Brownwood Regional Medical Center celebrated its 50th birthday Thursday morning in a fete that began with the dedication of the hospital’s new entryway sign and ended with recognitions and remarks from people connected with the hospital.
“This is a big day for Brownwood, for Brown County,” BRMC Chief Executive Officer Jace Jones said.
The new sign was dedicated to the 1969 Brown County Hospital Authority Board of Trustees and Auxiliary, and several family members of the board and auxiliary were present to receive plaques of recognition.
Jones said a 50-year time capsule containing photos, drawings by employees’ children and medical instruments and supplies were placed inside the new sign.
A large crowd watched as representatives of the Brownwood and Early chambers of commerce held a ribbon cutting to dedicate the new sign outside the hospital. Guests then moved inside and funneled down a hallway to an open area for the rest of the celebration.
Scrapbooks and other memorabilia were spread out on a countertop which many guests stopped to view.
Brownwood Mayor Stephen Haynes said he and his three children were born at BRMC — which was originally known as Brownwood Community Hospital — and Haynes read a proclamation declaring Thursday as BRMC Day.
“It is important that we have leaders who have a vision and have the know-how and ability to put it together and make it happen,” Haynes said.
American Hospital Association representative David Pearson said it’s important for hospitals to have community support and partners.
“I can’t overstate the importance of having a hospital in communities of this size,” Pearson said. “As you all are well aware, there are a lot of hospitals that have closed lately. That is the heartbeat of the community and thankfully the heartbeat goes on in Brownwood.”
Representatives of the offices of U.S. Congressman Mike Conaway and state Sen. Dawn Buckingham also offered their congratulations and recognition of BRMC’s 50th birthday.
“Like Stephen, I was born here and had three babies here,” Conaway staff member Hilary Stegemoller of Brownwood said. “This place has been a place of celebration for our family, and we’ve had some sad stuff happen at this place where you get some crummy news.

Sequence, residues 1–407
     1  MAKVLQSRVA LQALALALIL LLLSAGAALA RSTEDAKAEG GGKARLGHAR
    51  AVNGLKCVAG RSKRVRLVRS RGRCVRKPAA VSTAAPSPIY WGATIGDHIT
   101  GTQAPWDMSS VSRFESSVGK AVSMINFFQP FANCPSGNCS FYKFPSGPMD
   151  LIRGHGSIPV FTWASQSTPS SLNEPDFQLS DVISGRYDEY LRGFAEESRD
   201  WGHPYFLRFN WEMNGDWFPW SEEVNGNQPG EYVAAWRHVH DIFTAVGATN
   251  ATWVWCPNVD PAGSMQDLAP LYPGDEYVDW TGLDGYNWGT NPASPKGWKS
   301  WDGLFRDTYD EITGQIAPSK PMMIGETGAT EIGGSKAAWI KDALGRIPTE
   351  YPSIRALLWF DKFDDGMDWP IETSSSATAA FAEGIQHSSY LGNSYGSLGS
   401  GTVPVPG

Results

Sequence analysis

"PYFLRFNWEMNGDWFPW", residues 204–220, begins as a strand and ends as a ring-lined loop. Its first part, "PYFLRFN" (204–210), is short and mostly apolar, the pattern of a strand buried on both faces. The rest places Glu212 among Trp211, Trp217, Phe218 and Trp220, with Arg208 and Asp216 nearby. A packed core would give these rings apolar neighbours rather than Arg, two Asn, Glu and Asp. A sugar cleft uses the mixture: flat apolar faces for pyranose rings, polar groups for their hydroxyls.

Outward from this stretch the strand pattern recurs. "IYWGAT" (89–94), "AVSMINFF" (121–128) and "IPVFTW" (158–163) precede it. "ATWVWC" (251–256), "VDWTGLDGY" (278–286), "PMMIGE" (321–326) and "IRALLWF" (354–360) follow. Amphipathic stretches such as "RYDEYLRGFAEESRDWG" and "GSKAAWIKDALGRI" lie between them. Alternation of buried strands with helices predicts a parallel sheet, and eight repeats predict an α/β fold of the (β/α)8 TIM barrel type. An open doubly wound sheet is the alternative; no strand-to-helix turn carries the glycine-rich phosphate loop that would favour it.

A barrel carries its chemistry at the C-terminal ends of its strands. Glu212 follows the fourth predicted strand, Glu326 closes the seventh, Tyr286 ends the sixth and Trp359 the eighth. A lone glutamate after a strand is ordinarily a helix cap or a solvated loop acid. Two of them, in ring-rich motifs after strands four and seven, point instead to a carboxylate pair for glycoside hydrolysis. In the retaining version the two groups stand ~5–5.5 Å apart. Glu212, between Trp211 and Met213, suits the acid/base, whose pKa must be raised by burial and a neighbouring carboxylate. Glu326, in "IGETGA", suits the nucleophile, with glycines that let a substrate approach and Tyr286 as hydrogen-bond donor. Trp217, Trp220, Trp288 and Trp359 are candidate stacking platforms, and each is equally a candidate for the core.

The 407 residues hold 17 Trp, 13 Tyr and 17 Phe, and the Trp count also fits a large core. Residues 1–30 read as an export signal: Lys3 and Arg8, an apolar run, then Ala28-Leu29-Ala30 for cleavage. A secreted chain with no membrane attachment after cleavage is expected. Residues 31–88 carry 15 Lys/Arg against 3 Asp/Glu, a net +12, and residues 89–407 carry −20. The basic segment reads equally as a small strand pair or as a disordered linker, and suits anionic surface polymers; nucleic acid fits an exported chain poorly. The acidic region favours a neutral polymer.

“In good and bad, we have had excellent care and all you could ask for. Brownwood is so blessed to have the physicians and nurses, and everywhere in between, step in and do big things in big times in our lives.”
Former Brownwood Mayor Bert Massey, who is on the hospital’s board of trustees, said he was born in Brownwood Memorial Hospital, which no longer exists. Massey said another hospital that no longer exists, Medical Arts, was also in Brownwood at that time.
“I spent a lot of time when I was mayor of Brownwood trying to promote economic development,” Massey said. “You have to have certain key pieces to attract business and industry to a community. One of those key pieces is medical care and a hospital that can provide everything from crisis care to some degree of care for disease or injury.
“Most communities our size don’t have a hospital like this, and though there are some that do, the facilities are old. Whether old or new they’re closing because they can’t compete financially in the modern medical world. And this facility can.”
Jones returned to the microphone to conclude the celebration.
“I think what’s kept Brownwood Regional here 50 years is the people, not only who worked in the hospital but in the community as well,” Jones said.
“What we’re really here to celebrate is men and women of vision, who decided that we needed to have one hospital to carry us forward into the next century. And they’ve done that. And on top of that we’re here to celebrate an auxiliary that helps provide the compassionate care that we’re known for here at Brownwood Regional.”